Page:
Old-fashioned blended learning uses the rotation model: Half the class may be watching Khan Academy videos and taking quizzes geared to their performance level, while the teacher works with the other half on the math skills they need to learn. Rocketship charter schools are trying Blended Learning 2.0, reports Education Week. The classroom has more teachers, more students and more flexibility.
Here’s how the charter operator’s new instructional model looked in action at Rocketship Mateo Sheedy Elementary in San Jose, Calif. on a recent chilly morning:
On one side of the large, rectangular 4th grade classroom, teacher Juan Mateos leads a lesson on identifying figurative language. He projects a poem about California earthquakes on to a screen: “Palm trees begin to sway all by themselves / Here, the earth likes to dance, cha-cha-cha.”
Twenty-two students—grouped together based on their similar academic abilities, which put them in the middle of the classroom pack—are gathered on a carpet, reading along. At Mr. Mateos’ instruction, they turn to classmates and debate whether the poem is a metaphor or an example of personification.
Twenty yards away, teacher Jason Colon works with 22 of the school’s most-advanced 4th graders, also grouped according to ability. The children sit in pairs, facing each other across their desks, binders upright between them. To keep this ambitious lot engaged in his math lesson about graphing coordinates, Mr. Colon has the children create their own x- and y-axes, plot “battleships,” and attempt to sink each other’s fleets—a creative twist on the classic board game.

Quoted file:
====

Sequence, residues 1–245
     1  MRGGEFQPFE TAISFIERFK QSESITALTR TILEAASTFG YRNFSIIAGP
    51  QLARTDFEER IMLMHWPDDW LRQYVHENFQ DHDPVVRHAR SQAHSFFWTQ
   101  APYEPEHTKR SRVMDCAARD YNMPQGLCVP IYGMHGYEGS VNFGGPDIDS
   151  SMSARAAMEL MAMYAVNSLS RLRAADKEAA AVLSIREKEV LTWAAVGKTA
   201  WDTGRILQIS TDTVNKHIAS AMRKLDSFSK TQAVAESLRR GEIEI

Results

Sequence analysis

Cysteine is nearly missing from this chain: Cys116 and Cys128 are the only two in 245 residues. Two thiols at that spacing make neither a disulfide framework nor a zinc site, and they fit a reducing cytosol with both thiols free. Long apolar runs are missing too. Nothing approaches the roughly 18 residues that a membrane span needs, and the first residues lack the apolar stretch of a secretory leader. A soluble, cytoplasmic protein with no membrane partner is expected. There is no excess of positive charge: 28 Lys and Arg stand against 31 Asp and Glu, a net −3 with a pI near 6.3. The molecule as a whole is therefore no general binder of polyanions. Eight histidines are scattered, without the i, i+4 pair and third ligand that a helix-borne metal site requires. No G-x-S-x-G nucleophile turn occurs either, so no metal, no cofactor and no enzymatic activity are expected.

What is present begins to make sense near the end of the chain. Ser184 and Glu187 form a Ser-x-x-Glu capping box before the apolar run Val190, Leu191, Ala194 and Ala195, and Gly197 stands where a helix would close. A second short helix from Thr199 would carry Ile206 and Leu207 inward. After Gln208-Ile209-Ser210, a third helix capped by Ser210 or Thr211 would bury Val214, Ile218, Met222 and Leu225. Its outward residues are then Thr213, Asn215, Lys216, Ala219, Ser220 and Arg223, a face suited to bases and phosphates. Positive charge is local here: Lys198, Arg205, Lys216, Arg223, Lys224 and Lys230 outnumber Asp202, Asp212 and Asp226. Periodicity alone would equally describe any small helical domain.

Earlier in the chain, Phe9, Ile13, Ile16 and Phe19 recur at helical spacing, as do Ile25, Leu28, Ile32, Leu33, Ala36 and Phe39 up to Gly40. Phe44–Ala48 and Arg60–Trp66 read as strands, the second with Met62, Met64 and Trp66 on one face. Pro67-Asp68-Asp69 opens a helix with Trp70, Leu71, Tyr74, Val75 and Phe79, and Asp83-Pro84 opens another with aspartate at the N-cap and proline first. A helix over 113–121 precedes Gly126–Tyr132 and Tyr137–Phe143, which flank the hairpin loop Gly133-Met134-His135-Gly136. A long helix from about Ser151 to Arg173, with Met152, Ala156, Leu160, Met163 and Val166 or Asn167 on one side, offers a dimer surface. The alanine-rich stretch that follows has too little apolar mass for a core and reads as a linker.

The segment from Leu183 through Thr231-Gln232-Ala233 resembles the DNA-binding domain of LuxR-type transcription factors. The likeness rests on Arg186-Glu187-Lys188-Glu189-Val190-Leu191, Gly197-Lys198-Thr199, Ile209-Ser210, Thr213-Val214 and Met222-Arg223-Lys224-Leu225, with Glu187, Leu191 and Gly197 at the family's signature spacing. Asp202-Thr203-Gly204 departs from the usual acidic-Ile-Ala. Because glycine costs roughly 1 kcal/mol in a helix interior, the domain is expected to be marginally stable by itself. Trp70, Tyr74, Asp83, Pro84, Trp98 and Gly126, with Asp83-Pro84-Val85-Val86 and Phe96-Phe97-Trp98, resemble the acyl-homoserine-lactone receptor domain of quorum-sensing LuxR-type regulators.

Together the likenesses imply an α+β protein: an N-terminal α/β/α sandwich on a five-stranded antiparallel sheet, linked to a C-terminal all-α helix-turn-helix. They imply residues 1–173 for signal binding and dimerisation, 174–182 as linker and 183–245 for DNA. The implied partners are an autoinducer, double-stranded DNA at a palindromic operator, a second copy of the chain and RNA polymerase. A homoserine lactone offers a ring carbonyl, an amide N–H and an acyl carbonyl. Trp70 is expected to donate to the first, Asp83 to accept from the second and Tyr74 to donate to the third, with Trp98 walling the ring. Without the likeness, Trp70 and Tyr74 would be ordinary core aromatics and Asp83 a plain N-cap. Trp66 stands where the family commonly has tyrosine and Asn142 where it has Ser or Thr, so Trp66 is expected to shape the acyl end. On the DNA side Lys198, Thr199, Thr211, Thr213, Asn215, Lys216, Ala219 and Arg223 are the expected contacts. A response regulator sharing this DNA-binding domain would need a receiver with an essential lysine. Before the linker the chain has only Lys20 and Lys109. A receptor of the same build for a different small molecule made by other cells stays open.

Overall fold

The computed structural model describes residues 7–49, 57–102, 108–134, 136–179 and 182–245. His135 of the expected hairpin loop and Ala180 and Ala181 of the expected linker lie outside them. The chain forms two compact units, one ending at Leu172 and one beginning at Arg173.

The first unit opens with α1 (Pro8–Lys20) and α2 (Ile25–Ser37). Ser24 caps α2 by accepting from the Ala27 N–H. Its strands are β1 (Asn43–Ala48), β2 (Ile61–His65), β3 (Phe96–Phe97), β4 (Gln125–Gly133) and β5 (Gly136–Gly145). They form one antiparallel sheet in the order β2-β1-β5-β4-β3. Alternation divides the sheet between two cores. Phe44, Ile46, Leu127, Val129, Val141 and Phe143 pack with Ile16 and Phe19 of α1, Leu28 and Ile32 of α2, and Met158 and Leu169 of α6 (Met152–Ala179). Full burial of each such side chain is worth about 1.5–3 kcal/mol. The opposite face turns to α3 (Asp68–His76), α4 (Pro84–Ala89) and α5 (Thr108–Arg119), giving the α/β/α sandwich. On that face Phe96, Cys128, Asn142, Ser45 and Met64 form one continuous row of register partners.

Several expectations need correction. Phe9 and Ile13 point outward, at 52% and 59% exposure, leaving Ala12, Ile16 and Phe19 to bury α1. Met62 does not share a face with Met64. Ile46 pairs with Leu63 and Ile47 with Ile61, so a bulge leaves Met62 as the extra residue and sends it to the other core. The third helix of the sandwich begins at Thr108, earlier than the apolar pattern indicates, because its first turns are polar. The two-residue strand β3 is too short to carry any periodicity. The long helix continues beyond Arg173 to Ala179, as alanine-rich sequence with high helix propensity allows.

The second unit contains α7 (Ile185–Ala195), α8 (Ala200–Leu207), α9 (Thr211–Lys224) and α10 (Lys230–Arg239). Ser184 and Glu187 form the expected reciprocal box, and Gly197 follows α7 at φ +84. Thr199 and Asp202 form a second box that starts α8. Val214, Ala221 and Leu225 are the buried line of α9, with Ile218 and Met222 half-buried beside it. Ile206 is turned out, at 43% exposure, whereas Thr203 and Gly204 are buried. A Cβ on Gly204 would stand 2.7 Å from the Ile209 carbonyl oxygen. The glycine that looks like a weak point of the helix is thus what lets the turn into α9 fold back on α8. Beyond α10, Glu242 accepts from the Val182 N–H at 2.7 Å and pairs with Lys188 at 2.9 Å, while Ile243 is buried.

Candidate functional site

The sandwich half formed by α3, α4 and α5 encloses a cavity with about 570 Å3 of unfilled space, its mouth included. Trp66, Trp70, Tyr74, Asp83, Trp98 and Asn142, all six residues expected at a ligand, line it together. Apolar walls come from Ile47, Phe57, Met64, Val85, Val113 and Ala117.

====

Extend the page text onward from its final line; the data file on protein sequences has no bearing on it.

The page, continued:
The lowest-performing 4th grade students work at learning stations or laptops. An aide keeps an eye on them while “working from a scripted curriculum to help four students learn letter sounds.”
Then Mr. Colon reteaches a lesson to the low performers, the middle group moves to computers and Mr. Mateos “adapts his lesson to push the more-advanced students to write their own figurative language.”
Under Rocketship’s old “station rotation” blended learning model, still used in early grades, class sizes are more traditional, and students of mixed abilities rotate from regular classrooms to stand-alone “learning labs,” where they receive computer-assisted instruction. Rocketship officials say that under that model, it’s difficult to address the needs of top- and bottom-performing students—a challenge many schools face.
Teachers now specialize. Mr. Mateos teaches each reading and language arts lesson in three different ways. Mr. Colon adapts math to three different groups.
In a flexible day, a student may spend time in a group of five students to 109 students.
Rocketship made its name by posting very high test scores for low-income, Latino students. Test scores fell when schools shifted to the flex model, reports Ed Week. Rocketship also was trying to save money on staffing and open new schools.
In response, the charter network is slowing the transition to flexible classrooms, using flexibility only in grades 4 and 5 in existing schools. The new model no longer is expected to generate cost savings.